It is a commonly commented-upon phenomenon that Hollywood has little use for older women. Male actors can continue to get roles long after they succumb to gray hairs, even heartthrob roles, as Sean Connery has proved again and again. But as actors of both genders have noted, female actors are treated like they have expiration dates, and after they have a few wrinkles they lose the occasionally-interesting love interest roles, and a few lucky ones will get stuck in the never-interesting mother and grandmother roles while the rest are shuffled off the stage entirely.
So I always feel an extra bit of joy when I find a movie with a good role for an older woman. It makes me want to show the movie to everyone else– “Look, women’s lives don’t end when then turn thirty! I have proof! Our stories continue!” It’s very related to my frustration with motherhood as an ending— the patriarchy likes to pretend that women don’t matter once men stop finding them sexy, and the movie industry is obliging by acting like we cease to exist altogether.
Except for a few gems. I loved The Devil Wears Prada, for example, for exactly this reason, and I’m planning to see Mamma Mia eventually as well. Howl’s Moving Castle was flawed, but it did well with this part of things. And oh, did Under the Tuscan Sun ever get it right.
Katherine is an older woman who nonetheless enjoys her life. She indulges herself in things that make her happy, and tried to approach everything with “childlike enthusiasm.”
Here she is on the left, looking very much like herself: a slightly outrageous but still lovely hat (because “hats make me happy”), age-appropriate but never dowdy clothing, and ice cream (because “I love ice cream”). She is an actress and she refuses to accept that her life can’t be exactly as fun as it was when she was twenty, just because she’s gotten a bit older.
She is also vital to the plot of the movie– she acts as a mentor and role model for Frances. She encouraged Frances to buy the villa in the first place– by suggesting that Frances should indulge in her “terrible idea”– and Frances returns to her throughout the course of the movie for advice.
In fact, the friendship between Frances and Katherine is stronger and more important than any of the romantic relationships either of them enters into. One of the sweetest scenes, I thought, took place just after Frances discovered that Marcello (her would-be boyfriend) had found another woman. Frances returns to her little village late at night, only to hear children running and shouting, “the crazy blonde is in the fountain!”
Frances: What’s going on here?
Martini (her realtor and friend): She is Sylvia in “La Dolce Vita.” She’s very good, actually.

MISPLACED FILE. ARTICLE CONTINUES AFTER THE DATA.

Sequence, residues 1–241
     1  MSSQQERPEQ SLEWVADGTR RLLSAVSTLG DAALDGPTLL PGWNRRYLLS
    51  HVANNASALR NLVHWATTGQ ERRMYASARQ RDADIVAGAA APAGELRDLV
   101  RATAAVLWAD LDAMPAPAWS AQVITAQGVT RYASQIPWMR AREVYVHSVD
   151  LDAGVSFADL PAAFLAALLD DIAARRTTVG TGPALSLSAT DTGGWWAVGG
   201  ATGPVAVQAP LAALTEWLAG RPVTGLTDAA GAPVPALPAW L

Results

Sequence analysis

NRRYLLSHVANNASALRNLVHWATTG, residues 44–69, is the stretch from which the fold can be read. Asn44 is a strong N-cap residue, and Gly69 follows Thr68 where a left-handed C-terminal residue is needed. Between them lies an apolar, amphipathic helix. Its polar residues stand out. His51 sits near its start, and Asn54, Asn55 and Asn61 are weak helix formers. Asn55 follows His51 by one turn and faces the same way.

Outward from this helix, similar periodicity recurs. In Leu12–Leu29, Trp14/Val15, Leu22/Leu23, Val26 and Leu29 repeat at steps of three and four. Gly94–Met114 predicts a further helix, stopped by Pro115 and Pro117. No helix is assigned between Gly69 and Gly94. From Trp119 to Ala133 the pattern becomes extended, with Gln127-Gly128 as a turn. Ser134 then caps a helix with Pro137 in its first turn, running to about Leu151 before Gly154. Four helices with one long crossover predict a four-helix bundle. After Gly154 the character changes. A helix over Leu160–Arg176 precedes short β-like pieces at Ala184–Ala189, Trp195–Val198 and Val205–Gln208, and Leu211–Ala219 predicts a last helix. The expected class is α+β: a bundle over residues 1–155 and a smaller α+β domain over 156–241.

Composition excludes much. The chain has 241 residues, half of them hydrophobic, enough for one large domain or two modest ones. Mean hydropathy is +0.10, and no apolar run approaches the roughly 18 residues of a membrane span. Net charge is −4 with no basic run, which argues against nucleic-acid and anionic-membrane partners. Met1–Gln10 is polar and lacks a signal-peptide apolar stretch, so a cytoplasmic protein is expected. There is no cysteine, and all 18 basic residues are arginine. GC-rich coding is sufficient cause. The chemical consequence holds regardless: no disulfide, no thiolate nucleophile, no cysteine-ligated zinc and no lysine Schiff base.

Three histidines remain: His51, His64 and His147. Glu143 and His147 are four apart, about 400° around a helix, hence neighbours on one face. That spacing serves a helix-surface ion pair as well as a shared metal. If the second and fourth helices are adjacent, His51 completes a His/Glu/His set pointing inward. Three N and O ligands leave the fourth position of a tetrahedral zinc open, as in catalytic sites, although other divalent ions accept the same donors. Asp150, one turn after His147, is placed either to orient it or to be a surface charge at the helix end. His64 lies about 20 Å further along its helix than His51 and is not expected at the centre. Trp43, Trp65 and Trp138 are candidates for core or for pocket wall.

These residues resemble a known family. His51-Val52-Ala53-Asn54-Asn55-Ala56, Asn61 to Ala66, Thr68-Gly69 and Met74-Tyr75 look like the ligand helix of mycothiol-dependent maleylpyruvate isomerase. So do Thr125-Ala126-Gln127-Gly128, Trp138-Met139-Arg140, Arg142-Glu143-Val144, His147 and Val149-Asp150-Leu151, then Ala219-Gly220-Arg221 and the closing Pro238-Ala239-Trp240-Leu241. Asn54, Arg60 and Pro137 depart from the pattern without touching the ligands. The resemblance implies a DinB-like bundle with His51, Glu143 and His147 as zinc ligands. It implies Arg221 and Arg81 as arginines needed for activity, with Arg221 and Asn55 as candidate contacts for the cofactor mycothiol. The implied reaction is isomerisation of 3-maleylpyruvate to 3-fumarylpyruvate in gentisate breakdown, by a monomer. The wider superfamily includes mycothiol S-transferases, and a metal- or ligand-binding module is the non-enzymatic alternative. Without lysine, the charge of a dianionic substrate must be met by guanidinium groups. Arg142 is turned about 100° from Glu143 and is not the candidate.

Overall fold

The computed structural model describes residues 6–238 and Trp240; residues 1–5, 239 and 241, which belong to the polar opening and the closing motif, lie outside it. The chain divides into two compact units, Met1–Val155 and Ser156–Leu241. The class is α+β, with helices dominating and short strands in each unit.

Frances: Is she drunk?
Martini: I hope so.
Frances: You know, in “La Dolce Vita,” he goes in and he gets her. Mastroianni. He goes in, and he fishes her out.
[Martini wades into the fountain in hit suit, gently takes Katherine, still smiling in her soaking wet evening gown, and leads her out of the water. Frances takes Katherine to the woman’s apartment.]
Katherine: Do you think I make a good Sylvia?
Frances: You were wonderful.
[Frances gives Katherine a mug of tea.]
Frances: I see Zeus is gone. [Katherine’s young lover, and art student who was on break.]
Katherine: Back to Mount Olympus.
Frances: I’m so sorry.
Katherine: Don’t be. I’m fine now. There’s nothing like a fountain and a magnum of French champagne to put you right again.
Katherine: What do you think?
Katherine: You know who I really love the most from all the films? Cabiria. You remember at the end when another man has left her in the most terrible way, and she thinks it’s all over for her? Then she sees some children playing in the street, making music. And before she knows it… she’s smiling again. That’s what Fefe always said. No matter what happens… always keep your childish innocence. It’s the most important thing.
The two of them eventually fall asleep on Katherine’s couches in their lovely clothes.
I liked seeing how these women were both dealing with heartbreak together. Frances is not young, but there’s still this feeling that maybe she won’t recover from her heartbreaks, that she’s starting to think love is a waste of time. But Katherine has done this before, and she knows that although it hurts, it is not the end of the world, and you just have to do something a little silly and continue with your life. I think it was really important for Frances to be able to see that even Katherine, whom she admires and aspires to be like, feels pain after a relationship ends. It’s equally important for her to see that one must nevertheless refuse to become jaded about love.
It’s a much more mature message about love than most movies give us– most of them are about younger women, who have no older women to seek advice from, and whatever their first relationship is is their One True Love Forever And Ever, but that’s not how it is in real life. You go through a lot of relationships until you find one that will last, and you can’t allow yourself to feel that the world has ended when a relationship ends. Because it hasn’t.
That’s one of many reasons I wish Hollywood didn’t chuck actresses to the curb when they hit forty– because I would like to see more of these mentoring relationships, more coming-of-age narratives that aren’t about kids and teens, more women’s stories. Because we don’t all die off as soon as we get wrinkles.